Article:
Senate Bill 42 (Permitting faith-based electives in classroom drug prevention programs) is a two sentence change to the existing code. The first sentence allows faith-based electives in drug prevention programs from kindergarten through 12th grade. The second sentence requires the State Board to implement this in a way that is consistent with the Constitution.
The bill may as well say "Pigs are permitted to fly. The State Board will figure out how."
The government (and that includes public schools) cannot promote or show a preference for any religion or religious belief. A faith-based curriculum is, well, based in a particular faith. A school who is offering that course is promoting that faith. This is not fixed by making it an elective either - the end result is still a school official promoting a specific religion or religious belief.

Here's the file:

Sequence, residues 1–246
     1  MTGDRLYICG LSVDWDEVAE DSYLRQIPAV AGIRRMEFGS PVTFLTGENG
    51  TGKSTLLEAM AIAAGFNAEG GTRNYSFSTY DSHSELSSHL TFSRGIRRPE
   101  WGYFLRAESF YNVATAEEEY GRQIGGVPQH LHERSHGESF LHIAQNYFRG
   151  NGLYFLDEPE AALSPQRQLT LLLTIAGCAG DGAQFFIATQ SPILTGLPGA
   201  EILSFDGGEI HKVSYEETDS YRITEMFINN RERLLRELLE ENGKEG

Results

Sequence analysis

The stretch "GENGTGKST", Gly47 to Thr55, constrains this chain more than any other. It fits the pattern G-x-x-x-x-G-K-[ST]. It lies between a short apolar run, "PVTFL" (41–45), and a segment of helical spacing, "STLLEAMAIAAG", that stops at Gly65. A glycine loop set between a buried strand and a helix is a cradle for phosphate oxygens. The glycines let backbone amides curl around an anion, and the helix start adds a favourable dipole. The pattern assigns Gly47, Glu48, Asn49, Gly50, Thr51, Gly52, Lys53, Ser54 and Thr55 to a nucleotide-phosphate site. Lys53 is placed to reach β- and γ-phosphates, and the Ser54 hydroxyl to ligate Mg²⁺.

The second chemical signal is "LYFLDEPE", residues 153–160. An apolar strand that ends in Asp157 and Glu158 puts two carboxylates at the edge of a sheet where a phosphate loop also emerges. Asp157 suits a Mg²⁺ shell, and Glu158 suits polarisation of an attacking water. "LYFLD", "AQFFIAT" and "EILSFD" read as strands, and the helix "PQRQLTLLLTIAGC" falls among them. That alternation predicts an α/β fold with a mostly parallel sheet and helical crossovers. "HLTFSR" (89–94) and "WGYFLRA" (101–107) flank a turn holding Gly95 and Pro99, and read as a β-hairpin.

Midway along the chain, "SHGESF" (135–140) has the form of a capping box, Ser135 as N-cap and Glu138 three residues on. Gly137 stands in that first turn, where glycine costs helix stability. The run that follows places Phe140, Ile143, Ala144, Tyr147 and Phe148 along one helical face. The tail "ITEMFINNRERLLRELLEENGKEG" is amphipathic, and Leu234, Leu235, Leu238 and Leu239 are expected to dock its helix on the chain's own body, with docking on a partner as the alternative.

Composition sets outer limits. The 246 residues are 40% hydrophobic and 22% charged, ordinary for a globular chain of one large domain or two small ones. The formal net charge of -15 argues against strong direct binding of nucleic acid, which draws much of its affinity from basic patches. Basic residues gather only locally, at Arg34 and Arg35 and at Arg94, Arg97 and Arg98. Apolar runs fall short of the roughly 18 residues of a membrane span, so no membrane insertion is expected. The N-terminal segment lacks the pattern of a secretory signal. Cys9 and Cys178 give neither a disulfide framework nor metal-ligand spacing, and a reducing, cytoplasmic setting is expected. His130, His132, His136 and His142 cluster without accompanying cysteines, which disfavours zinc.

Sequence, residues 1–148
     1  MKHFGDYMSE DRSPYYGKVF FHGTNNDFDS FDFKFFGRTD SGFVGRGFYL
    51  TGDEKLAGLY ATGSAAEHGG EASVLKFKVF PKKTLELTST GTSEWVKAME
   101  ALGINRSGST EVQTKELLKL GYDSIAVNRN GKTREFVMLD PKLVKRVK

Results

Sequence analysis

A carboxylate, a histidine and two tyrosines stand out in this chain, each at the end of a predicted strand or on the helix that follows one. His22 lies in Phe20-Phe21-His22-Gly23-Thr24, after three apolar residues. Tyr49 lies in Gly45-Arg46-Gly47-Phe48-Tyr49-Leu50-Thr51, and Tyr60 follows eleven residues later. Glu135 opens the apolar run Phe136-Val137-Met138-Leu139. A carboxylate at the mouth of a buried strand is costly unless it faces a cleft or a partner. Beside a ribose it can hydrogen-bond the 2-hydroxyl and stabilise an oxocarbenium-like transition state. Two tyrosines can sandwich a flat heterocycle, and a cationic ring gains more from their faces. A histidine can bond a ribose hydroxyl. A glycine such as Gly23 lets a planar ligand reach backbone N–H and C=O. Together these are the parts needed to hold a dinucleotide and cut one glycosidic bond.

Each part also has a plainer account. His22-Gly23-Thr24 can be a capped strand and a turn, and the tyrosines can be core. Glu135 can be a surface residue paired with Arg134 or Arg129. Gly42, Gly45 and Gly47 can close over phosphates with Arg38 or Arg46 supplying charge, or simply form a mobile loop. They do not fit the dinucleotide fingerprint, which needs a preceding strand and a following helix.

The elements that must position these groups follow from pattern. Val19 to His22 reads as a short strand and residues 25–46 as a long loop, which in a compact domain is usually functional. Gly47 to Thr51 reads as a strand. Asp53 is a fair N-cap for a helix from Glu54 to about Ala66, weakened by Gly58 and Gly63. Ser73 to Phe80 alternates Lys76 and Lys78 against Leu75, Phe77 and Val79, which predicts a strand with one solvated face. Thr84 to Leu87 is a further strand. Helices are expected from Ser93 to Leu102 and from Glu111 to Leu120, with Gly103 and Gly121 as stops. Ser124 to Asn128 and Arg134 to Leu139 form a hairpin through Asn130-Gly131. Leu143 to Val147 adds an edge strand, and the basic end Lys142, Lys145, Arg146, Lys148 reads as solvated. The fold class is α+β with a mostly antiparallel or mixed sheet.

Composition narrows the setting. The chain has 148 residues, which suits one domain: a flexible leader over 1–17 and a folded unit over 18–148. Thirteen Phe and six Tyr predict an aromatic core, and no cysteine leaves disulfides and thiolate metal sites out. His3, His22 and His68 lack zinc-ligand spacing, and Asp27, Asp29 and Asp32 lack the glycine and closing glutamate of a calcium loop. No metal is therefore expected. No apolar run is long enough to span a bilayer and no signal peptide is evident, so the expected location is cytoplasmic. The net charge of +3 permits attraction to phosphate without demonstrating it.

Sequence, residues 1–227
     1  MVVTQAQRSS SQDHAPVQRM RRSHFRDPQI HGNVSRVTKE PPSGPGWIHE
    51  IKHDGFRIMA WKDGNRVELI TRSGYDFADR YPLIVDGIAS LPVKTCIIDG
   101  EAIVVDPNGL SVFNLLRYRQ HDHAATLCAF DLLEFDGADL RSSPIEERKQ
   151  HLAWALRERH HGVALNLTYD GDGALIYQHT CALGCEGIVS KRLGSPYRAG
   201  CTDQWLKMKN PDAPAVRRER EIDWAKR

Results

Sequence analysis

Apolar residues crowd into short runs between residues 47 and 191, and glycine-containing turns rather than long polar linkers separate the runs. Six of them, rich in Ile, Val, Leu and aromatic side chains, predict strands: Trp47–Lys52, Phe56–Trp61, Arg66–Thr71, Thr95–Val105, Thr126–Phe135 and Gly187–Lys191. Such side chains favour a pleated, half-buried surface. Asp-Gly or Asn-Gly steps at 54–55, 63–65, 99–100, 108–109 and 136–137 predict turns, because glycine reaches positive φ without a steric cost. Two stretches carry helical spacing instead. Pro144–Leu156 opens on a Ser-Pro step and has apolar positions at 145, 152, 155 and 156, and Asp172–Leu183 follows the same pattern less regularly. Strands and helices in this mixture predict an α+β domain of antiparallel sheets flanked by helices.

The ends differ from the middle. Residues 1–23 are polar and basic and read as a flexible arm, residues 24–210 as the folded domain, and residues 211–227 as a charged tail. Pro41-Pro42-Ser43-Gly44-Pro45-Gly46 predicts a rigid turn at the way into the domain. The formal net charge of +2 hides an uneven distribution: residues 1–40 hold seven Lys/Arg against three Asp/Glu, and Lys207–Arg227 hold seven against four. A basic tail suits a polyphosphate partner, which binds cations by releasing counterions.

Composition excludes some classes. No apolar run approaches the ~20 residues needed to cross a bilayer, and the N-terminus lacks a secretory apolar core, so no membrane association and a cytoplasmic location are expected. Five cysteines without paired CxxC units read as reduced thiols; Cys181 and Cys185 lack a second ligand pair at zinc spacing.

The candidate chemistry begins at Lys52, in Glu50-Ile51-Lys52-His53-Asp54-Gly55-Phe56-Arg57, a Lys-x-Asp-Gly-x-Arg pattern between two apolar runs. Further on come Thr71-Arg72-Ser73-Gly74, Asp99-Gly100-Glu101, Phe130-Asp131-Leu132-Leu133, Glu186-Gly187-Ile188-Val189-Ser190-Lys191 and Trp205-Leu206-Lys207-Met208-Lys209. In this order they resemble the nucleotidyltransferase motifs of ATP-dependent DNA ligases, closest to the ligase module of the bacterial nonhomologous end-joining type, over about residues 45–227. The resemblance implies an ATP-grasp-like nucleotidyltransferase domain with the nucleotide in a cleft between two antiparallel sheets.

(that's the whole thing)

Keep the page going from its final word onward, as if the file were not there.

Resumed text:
The school doesn't just open itself up to suit for proselytzing; it also risks accusations of religious discrimination, too. If more than one faith-based program wanted to teach an elective, the school would have to show that religious preference was not a reason one program was chosen over the other.
In short, the first sentence says schools are allowed to do something that the Constitution says they are not allowed to do. The second sentence says the State Board of education has to solve this paradox. (Spolier alert: They can't.)
None of this is to say that faith-based recovery and prevention programs can't be good things. Our schools just aren't the place for them.
And our tax dollars should not support promotion of religous beliefs.